Foreign Affairs Assistance Corps
A group of former Foreign Service officers and private entrepreneurs has organized a corps of skilled people willing to help former command economies in the difficult transition to free- market economies. The corps will initially provide skilled labor in finance, planning, media, and technology transfer to countries- principally the Soviet Union and Central and Eastern Europe-under current US government and corporate programs. For more information, contact Eugene Bird, 3133 Connecticut Avenue, NW, Suite 702, Washington, DC 20008. Tel: 202-745-0701.
Special TV Programing by the US Information Agency (USIA)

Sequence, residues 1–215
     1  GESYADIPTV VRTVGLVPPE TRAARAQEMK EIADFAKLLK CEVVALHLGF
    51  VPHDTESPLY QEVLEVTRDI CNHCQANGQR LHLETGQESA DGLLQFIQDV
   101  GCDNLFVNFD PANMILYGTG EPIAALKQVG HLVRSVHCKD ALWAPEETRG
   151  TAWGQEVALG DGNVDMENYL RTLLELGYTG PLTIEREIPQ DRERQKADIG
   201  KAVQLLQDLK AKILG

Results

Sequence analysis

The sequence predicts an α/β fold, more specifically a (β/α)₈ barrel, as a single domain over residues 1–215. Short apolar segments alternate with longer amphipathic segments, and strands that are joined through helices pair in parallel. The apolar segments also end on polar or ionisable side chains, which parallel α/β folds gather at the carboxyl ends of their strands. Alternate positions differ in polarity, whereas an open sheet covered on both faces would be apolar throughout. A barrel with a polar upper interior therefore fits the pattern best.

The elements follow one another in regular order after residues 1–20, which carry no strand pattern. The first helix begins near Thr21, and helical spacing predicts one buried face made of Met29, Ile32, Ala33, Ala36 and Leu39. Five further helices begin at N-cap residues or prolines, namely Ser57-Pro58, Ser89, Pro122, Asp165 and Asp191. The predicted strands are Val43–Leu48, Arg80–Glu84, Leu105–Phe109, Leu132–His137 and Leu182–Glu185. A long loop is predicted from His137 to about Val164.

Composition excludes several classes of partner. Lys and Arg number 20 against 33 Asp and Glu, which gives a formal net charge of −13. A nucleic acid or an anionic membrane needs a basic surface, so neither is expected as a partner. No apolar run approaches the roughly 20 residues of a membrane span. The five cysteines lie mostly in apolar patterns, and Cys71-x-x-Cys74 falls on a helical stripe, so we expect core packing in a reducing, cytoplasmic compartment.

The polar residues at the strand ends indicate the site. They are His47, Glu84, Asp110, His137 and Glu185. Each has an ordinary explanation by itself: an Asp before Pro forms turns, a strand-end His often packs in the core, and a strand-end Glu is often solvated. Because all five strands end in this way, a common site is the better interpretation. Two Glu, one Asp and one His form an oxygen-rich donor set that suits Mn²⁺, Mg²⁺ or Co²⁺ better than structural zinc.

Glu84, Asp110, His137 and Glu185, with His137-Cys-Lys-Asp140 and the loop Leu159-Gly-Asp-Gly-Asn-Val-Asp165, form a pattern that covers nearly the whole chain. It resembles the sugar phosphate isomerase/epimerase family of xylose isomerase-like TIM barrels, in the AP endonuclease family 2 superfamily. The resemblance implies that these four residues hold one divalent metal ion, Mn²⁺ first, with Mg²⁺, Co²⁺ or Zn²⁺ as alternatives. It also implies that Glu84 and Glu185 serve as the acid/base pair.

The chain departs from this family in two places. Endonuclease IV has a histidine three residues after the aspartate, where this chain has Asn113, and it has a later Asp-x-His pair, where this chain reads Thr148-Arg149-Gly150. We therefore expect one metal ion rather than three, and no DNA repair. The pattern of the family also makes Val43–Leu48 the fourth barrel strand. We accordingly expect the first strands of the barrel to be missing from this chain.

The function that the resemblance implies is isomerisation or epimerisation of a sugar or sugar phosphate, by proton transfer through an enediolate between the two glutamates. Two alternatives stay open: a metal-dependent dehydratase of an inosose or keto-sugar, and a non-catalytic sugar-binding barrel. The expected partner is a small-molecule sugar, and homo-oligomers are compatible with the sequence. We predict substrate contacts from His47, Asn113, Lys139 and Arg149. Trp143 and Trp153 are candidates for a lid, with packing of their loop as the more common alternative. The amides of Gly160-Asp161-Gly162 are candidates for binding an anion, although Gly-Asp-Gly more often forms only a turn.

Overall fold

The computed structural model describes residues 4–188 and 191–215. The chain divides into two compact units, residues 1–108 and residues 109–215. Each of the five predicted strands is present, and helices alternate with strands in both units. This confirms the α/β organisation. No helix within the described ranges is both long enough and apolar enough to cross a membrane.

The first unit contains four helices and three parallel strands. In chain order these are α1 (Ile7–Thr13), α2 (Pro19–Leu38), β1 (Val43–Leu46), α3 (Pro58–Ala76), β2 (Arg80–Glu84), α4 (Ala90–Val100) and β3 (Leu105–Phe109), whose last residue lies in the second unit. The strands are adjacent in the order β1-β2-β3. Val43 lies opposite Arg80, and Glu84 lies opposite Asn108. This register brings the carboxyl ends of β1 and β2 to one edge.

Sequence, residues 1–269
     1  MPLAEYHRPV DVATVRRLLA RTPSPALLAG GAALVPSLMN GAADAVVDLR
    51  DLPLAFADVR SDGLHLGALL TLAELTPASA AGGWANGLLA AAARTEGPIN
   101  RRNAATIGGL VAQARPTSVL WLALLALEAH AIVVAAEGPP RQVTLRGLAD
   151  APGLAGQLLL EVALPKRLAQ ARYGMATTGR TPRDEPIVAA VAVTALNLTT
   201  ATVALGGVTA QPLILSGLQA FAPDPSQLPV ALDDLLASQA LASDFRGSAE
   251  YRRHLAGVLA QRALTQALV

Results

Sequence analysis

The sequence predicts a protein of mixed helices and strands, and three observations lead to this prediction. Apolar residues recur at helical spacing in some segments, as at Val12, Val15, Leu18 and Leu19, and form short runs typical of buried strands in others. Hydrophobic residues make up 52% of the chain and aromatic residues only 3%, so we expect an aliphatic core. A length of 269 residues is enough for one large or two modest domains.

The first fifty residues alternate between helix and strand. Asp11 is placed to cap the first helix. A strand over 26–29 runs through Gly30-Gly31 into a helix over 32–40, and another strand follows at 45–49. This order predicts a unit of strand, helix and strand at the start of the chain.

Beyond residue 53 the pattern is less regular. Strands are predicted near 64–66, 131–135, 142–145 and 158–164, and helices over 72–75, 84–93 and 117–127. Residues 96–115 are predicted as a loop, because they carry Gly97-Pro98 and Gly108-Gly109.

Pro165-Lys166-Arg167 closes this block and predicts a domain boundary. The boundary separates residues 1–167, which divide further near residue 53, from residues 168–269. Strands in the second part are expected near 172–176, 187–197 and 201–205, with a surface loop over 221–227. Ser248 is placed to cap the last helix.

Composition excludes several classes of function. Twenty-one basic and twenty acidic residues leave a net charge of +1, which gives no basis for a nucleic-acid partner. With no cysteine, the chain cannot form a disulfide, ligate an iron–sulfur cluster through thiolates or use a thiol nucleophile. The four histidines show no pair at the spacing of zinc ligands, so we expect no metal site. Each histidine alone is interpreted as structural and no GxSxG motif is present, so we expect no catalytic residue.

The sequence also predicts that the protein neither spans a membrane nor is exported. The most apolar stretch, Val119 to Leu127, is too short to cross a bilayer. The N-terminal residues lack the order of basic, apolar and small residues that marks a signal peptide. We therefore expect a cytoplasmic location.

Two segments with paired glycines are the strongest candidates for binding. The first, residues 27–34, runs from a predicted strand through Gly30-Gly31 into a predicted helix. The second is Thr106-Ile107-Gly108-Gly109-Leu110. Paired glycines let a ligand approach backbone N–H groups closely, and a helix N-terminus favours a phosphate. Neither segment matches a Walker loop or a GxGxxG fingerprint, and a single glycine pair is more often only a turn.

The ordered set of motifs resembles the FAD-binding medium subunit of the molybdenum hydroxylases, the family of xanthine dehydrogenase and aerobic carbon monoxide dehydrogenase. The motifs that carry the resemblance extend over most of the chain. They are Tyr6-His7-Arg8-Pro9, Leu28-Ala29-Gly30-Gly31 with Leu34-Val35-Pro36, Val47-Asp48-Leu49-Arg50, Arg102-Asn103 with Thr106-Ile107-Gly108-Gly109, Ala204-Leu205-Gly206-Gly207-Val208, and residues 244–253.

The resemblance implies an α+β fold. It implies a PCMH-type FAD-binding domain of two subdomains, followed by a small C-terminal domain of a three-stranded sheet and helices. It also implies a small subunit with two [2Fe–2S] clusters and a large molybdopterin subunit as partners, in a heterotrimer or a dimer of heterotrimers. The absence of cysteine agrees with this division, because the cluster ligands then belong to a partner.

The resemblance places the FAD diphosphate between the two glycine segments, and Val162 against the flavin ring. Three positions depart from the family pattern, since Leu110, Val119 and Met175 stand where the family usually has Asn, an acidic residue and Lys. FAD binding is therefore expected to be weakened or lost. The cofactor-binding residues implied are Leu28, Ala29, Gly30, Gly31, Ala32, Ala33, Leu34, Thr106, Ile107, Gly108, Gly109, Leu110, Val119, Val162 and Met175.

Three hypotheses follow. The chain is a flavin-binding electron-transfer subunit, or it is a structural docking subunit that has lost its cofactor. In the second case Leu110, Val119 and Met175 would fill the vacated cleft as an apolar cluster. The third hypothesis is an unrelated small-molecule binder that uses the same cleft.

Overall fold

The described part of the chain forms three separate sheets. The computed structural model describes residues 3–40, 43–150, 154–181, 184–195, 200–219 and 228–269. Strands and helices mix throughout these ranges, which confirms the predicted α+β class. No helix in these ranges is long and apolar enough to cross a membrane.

As reported in the December 19, 1990, edition of Focus, USIA/TV's Worldnet began broadcasting 2 hours of special programing during evening prime time in Central and Eastern Europe on December 3. Since then, elements of this programing have been rebroadcast by TV stations in Czechoslovakia, Hungary, Poland, and Romania on a weekly basis in several cases. This article updates the December information. The purpose of this feed is: -- To assist fledgling independent broadcasters, many of whom have or expect to have access to increasing numbers of hours of broadcast time on national state systems and, eventually, frequencies of their own; -- To assist established state broadcast systems seeking to offer more educational material on building a democracy and a market economy, by offering programs on US English, market economics, constitutional issues, and similar themes; and -- To assist US broadcasters in introducing their material to Central and East European audiences and in competing with material now being furnished by satellite from European sources. Central and East European broadcasters have told Worldnet that they do want the educational and documentary programing the United States has to offer. This includes such things as "ABC News Presents," "Growing a Business," "The Constitution - That Delicate Balance," "Business File," "Science World," and "Firing Line." To enable them to receive this special feed, USIA/TV donated C-Band dish antennas to TV stations in Bratislava and Prague, Czechoslovakia; Budapest, Hungary (an independent station); and Bucharest, Romania. USIA/TV is now sending antennas to Sofia, Bulgaria; Tallinn, Estonia; Riga, Latvia; Vilnius, Lithuania; Gdansk, Poznan, and Wroclaw, Poland; and Belgrade and Sarajevo, Yugoslavia. USIA/TV also has designated C-Band dishes for donation to Hungarian state TV and to TV stations in Leningrad and Moscow, USSR. Thus, by mid-1991, this special feed will be bringing public affairs and educational programing to 17 broadcasters in Central and Eastern Europe and the Soviet Union. For more information about this program, call USIA/TV's Paul Kozelka at 202-501-7044.